Readers, on Mich. roads, tax fairness
Young driver: Fix the roads
The article from November 13, 2014, titled, “Michigan senate approves road tax hike,” concerns the Michigan Senate passing a new gas tax. This issue is a very important to me, and I think the increased gas tax is the right choice.
As a student and young driver, I really like smooth roads without potholes. The poor condition of Michigan’s roads is a safety concern. As an example, last winter my dad hit a pothole and busted his wheel, which put him in danger and cost significant money to repair.
Furthermore, I am going to be driving on these Michigan roads for the rest of my life, so I would rather pay a few cents more per gallon for gas than dodge potholes. In the end, a few extra dollars in taxes will save a lot of money on car repairs.
As we brace for another Michigan winter, our government needs to act to increase our gas tax.
Hannah Egan, Livonia
Taxation without representation
Mr. Peter Rose can turn up the rhetoric about Internet sales tax “to 11” and it won’t change the unfairness of the misnamed Marketplace Fairness Act. Allowing every state and local government in America to enforce their tax laws on every business using the Internet is fundamentally unfair and a recipe for disaster.
Mr. Rose is a business owner. His business only owes taxes to the governments where his business operates. His business can only be audited by those governments. Those are governments that represent him. The so-called Marketplace Fairness Act fundamentally changes that equation for all businesses, but especially small businesses, that use the Internet. Instead, a business on the Internet would owe taxes to governments everywhere they have a customer. They will face audits by all those states. They will face tax litigation in all those states, not just in the states where the business operates.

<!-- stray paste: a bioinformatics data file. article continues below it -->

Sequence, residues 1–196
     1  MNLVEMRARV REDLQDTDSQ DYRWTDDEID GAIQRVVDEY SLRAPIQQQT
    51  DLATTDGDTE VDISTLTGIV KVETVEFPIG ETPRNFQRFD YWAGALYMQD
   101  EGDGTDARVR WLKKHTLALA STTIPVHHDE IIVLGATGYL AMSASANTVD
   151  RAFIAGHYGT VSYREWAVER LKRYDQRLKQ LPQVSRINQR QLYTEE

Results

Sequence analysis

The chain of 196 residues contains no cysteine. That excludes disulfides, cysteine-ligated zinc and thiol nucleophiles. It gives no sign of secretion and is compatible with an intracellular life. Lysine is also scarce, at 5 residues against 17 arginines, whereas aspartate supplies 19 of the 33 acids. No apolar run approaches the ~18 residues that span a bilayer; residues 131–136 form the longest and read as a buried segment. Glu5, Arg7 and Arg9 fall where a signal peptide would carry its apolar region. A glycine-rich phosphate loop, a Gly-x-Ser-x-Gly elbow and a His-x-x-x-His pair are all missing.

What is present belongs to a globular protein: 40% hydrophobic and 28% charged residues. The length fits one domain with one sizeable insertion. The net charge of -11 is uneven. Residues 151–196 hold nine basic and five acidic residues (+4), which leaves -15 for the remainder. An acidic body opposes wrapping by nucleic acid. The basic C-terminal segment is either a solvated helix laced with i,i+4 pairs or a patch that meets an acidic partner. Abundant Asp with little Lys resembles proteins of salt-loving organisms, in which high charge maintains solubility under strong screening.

The principle of no taxation without representation is more than something for history books. If businesses face taxes and tax enforcement from unaccountable, far-away governments, it is unfair, undemocratic and ripe for abuse. The U.S. House of Representatives was right to block this state tax power grab and demand a solution that treats a small business on the Internet like every other small business, meaning tax enforcement only from governments that represent them. That’s the rule Mr. Rose’s business lives under, and it should stay that way.
Phil Bond, executive director, WE R HERE Coalition, Alexandria, Virginia